Sara Caswell is fast becoming one of today’s foremost jazz violinists through her technical facility and gift for lyricism. Originally from Bloomington, Indiana, she began playing violin at age 5, made her orchestral debut at 15, earned degrees from Indiana University and Manhattan School of Music, and amassed over 100 awards in the jazz and classical competition worlds. Currently she gives concerts nationwide with her two groups, the Sara Caswell Quartet and the Caswell Sisters Quintet, and has soloed numerous times in Carnegie Hall with the New York Pops Orchestra. She has released two highly acclaimed CDs—First Song and But Beautiful—and is working on a new CD project with her sister, jazz vocalist Rachel Caswell, and jazz pianist Fred Hersch.
Since the fall of 2010, Sara has been touring with bassist/vocalist Esperanza Spalding (Grammy winner for Best New Artist, 2011) in support of Spalding’s CD Chamber Music Society. She also tours with violinist Mark O’Connor as a member of his American String Celebration and has toured with violinist Darol Anger’s Four Generations of Jazz Violin. She is part of the Randy Newman Project, led by vocalist Roseanna Vitro and pianist Mark Soskin, and has performed and/or recorded with such artists as Gene Bertoncini, Charlie Byrd, Skitch Henderson, Bucky Pizzarelli, Lynne Arriale, and John Clayton, as well as Jon Gordon, Ike Sturm, the Alan Ferber Nonet and Strings, and JaLaLa (featuring vocalists Janis Siegel, Laurel Masse, and Lauren Kinhan).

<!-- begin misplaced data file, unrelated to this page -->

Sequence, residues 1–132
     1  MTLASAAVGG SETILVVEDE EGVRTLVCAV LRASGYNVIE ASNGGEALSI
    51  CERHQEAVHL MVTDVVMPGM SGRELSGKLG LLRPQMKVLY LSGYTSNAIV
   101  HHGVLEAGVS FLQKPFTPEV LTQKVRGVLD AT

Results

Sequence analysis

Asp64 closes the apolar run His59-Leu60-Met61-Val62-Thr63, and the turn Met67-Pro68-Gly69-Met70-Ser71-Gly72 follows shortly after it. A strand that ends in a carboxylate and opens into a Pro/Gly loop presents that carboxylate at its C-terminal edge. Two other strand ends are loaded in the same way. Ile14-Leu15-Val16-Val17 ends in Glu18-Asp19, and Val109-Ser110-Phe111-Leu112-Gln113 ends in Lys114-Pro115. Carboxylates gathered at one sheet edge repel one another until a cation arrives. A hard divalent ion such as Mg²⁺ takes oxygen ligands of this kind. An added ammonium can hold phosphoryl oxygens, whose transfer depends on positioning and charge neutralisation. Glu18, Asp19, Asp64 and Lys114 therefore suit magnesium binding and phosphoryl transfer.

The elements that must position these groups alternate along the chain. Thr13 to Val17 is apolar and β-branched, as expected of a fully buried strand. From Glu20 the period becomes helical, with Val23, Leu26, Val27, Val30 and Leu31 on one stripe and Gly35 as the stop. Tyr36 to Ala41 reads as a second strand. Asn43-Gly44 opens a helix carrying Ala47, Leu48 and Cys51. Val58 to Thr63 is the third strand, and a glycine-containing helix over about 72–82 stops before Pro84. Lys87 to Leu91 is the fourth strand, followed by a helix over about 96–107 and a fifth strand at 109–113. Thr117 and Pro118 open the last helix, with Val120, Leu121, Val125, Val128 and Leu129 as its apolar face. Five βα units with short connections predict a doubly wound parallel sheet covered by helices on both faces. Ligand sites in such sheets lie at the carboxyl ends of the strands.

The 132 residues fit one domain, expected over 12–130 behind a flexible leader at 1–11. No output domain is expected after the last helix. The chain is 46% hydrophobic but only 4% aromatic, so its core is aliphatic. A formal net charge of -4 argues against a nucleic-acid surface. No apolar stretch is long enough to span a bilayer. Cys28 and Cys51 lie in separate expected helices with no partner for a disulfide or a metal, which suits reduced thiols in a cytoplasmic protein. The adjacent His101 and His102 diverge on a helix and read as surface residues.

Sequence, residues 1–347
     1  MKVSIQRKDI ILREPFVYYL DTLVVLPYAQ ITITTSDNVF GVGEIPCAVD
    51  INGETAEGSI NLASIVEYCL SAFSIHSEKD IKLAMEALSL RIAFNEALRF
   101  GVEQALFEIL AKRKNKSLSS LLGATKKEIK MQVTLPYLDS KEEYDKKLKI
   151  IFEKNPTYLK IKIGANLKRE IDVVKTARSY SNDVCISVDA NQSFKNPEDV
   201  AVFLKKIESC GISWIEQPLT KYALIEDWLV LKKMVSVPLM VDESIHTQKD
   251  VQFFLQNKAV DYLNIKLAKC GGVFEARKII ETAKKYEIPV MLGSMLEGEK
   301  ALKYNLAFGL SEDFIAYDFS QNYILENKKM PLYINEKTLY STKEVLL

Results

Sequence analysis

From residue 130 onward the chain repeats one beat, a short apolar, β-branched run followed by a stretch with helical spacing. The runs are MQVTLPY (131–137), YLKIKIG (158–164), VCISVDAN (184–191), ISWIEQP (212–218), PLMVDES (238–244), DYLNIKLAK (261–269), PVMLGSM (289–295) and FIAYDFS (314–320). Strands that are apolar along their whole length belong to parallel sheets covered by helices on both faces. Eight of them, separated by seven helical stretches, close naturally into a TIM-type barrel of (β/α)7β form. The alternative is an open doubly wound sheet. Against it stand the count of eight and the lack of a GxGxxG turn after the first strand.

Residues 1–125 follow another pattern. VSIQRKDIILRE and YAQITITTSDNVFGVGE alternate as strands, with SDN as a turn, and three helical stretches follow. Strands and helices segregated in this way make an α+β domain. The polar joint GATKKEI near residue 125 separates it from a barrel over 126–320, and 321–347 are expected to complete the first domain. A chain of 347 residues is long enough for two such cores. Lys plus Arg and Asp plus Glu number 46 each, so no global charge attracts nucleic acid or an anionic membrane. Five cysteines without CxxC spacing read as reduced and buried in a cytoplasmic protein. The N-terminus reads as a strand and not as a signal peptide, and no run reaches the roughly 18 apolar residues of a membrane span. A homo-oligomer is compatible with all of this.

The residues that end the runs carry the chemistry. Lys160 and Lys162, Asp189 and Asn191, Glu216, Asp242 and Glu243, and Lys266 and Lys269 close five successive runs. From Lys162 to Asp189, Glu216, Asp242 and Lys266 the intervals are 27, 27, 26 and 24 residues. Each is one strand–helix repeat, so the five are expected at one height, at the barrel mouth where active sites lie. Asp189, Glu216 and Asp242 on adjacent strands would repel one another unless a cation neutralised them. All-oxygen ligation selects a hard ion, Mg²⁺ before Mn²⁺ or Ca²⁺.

Sara Caswell’s teaching experience includes the Mark O’Connor String Camps, the Jamey Aebersold Summer Jazz Workshops, the Indiana University String Academy, the Manhattan School of Music College and Precollege Divisions, and a private studio. In addition, she has given numerous jazz string improvisation workshops and master classes and is involved with MENC (National Association of Music Education), JEN (Jazz Education Network), and ASTA (American String Teachers Association).
Manhattan School of Music Precollege faculty since 2005.
Photo credit: Ann Schertz Photography